Logo of Phnom Penh Post newspaper Phnom Penh Post - Fintech could be ‘game changer’

Fintech could be ‘game changer’

A man looks at a Bongloy Checkout demo page on his smartphone yesterday in Phnom Penh.
A man looks at a Bongloy Checkout demo page on his smartphone yesterday in Phnom Penh. Pha Lina

Fintech could be ‘game changer’

A delegation from China visited Phnom Penh this week to share tips on how Cambodia can increase its financial inclusion and meet the needs of its under-banked population using financial technology, or fintech.

Chinese government officials, fintech experts and impact investors joined a networking session on Wednesday evening aimed at promoting development and regional partnership for financial inclusion between China and Cambodia.

Addressing the delegates, Chea Serey, director general of National Bank of Cambodia (NBC), stressed the role and importance of digital finance initiatives in broadening financial inclusion. She said digital finance could be a “game changer” for Cambodia’s nascent financial sector as it enables financial service providers such as microfinance institutions (MFIs) “to reach more remote areas at a lower cost in a safer way and at a larger scale”.

Serey said the central bank was looking to support MFIs and digital finance, which together were increasing financial inclusion and lowering poverty rates.

“Realising that digital finance is a key to reaching the unbanked and under-banked [population], the NBC has created an enabling environment for institutions to deliver basic financial services through the licensing of payment services providers,” she said.

The Asian Development Bank optimistically projected earlier this year that fintech has the potential to generate over $1.7 billion in additional electronic payment flows in Cambodia, fuel more than $2.5 billion in additional credit uptake and mobilise more than $500 million in savings.

Serey said that while the NBC was dedicated to developing a national financial inclusion strategy, the private sector had to take the lead in banking the millions of adult Cambodians who still lack access to formal financial services.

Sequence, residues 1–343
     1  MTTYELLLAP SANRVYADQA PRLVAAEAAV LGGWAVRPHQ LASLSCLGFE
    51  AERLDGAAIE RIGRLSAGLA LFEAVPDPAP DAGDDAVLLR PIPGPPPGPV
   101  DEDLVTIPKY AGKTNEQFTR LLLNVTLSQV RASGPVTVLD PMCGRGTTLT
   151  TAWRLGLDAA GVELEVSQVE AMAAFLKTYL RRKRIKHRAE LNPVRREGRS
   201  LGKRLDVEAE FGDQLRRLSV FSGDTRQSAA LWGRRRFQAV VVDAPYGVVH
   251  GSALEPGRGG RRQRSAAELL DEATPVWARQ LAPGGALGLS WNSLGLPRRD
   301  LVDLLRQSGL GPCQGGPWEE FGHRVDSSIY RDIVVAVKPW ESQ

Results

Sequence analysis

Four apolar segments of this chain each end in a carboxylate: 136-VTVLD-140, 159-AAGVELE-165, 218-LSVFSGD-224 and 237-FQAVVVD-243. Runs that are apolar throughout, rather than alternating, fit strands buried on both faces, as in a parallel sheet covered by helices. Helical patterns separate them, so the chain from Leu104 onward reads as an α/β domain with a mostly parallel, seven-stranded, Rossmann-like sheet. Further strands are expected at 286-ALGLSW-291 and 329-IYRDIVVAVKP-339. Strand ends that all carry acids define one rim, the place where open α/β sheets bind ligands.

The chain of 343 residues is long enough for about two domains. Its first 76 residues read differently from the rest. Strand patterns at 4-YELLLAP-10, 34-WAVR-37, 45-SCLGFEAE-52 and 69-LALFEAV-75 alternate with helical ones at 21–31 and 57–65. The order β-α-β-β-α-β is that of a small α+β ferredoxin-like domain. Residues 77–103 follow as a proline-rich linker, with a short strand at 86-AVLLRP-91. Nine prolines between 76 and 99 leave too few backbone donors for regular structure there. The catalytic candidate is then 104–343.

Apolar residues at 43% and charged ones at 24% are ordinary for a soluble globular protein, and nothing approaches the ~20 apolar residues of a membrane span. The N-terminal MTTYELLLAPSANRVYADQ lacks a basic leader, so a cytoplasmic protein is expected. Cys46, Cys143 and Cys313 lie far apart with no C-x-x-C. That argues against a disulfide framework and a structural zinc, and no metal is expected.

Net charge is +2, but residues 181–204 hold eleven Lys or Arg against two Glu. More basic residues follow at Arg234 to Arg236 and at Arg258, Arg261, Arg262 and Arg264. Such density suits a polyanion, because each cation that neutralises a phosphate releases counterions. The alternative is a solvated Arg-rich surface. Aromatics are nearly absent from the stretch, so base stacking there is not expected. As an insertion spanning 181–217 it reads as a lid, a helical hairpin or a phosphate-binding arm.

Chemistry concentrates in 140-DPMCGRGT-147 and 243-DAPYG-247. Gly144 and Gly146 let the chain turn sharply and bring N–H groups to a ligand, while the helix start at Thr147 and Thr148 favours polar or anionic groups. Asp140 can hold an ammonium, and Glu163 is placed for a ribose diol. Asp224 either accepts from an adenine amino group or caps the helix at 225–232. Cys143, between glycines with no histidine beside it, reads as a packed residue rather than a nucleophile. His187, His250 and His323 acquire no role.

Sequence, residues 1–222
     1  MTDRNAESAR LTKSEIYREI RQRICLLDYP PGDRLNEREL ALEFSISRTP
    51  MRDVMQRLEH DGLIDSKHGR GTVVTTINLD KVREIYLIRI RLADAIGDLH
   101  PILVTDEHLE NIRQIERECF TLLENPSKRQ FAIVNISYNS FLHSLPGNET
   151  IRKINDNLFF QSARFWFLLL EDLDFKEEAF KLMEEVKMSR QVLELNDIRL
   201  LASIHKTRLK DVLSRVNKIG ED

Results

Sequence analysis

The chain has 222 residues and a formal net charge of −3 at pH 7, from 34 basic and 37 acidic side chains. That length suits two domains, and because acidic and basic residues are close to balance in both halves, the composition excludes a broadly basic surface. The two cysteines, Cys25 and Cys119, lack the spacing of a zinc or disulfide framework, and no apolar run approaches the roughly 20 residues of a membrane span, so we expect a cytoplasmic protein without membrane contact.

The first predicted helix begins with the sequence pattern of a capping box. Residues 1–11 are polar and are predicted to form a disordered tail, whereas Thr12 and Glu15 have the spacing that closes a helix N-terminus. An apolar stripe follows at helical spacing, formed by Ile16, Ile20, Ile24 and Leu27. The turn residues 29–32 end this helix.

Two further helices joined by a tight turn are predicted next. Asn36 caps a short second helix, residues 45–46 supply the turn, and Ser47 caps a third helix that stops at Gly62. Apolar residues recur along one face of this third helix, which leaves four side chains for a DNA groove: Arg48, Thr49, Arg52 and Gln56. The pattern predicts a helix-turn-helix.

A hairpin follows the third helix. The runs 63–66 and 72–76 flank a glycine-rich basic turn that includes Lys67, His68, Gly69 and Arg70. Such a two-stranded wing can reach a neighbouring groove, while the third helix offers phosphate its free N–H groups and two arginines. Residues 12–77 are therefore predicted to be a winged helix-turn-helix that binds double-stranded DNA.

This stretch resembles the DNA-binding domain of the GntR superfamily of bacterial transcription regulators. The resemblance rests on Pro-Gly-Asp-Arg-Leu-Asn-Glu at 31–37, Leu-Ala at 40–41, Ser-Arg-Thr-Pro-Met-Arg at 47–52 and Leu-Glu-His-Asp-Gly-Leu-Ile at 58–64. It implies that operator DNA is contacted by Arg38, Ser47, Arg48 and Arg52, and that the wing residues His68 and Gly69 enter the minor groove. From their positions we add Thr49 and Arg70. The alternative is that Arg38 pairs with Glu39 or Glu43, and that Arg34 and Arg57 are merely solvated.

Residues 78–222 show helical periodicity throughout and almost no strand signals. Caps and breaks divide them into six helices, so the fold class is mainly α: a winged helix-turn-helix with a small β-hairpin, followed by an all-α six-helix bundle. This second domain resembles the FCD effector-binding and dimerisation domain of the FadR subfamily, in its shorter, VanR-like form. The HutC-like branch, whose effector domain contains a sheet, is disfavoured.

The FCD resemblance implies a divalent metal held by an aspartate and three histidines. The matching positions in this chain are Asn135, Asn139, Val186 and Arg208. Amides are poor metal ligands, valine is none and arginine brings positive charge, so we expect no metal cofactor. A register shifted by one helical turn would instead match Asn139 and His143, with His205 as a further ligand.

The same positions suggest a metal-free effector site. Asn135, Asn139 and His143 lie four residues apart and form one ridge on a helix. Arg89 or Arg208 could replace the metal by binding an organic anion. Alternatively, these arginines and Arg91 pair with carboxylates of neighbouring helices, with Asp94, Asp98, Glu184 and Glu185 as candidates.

“[The] NBC has played the role as a regulator, and the banks, financial institutions, investors and regulatory bodies must play a more active role in filling the gap of financial inclusion,” she said.

Duoguang Bei, president of the Chinese Academy of Financial Inclusion, one of the event’s organisers, said China has long-recognised the value of fintech in increasing financial inclusion and was taking proactive steps to increase its usage. He said 80 percent of China’s 1.4 billion citizens have already tapped into traditional or digital financial services. The government has targeted 100 percent by 2020.

Bei said financial inclusion was a top priority for China’s government, which recognises its particular importance for the micro-, small- and medium-enterprise (MSME) sector.

“More banks in China, particularly big banks, are starting to do business with MSMEs,” he said. “Those banks have started to establish special departments for financial inclusion.”

However, Shi Dalong, vice chairman of Bank of Taizhou, said that despite superficial similarities, China and Cambodia must follow different paths for fintech adoption.

“Different countries are faced with different situations,” he said.

“Cambodia’s economic situation is different, and it is also different if we compare it to China 30 years back.”

Pen Chanda, chairman and CEO of Bongloy, a Cambodian online payment gateway, said he is optimistic that the current technological infrastructure would help foster financial inclusion in Cambodia, as it can reach out to customers in rural areas with low costs.

“With a high mobile adoption rate and strong internet coverage, technology will play a key role in building financial inclusion in Cambodia,” he said. “Digital can reduce the costs needed to serve customers in provincial areas where there are high operational efficiencies, and hopefully translate into lower interest rates.”

“Going forward, we will see more financial institutions embracing the solutions provided by fintech companies to develop new products and provide a better experience for their customers,” he added.

MOST VIEWED

  • Breaking: US House passes 'Cambodia Democracy Act'

    The US House of Representatives in Washington, DC, on Monday, passed the “HR 526 Cambodia Democracy Act”, also known as the Cambodia Democracy Act of 2019. If signed off by the president, the bill will allow two major sets of action to be taken against high-ranking Cambodian

  • ‘Zero-dollar’ tours under fire

    Minister of Tourism Thong Khon has blamed “zero-dollar” tour operators for the decrease in foreign tourists to Angkor Archaeological Park in the first half of this year and has called for action against them. Angkor Archaeological Park received 1.24 million foreign visitors in the first half

  • Some jobs off limits to foreigners from August

    Beginning from the second week of August, foreigners will be banned from driving taxis and tuk-tuks, as well as being motorcycle delivery drivers, street food vendors, hairdressers and product distributors among other lower-income jobs. Some white-collar jobs such as the head of human resources will

  • Chinese-owned shops are on the rise in central Phnom Penh

    Informal businesses owned by Chinese nationals are on the rise in central Phnom Penh, especially in Tonle Bassac commune, surrounding Koh Pich. Such businesses have sprung up notably in Central Market, Orussey Market, Sovanna Shopping Mall, Rattana Plaza, as well as Kakab commune across from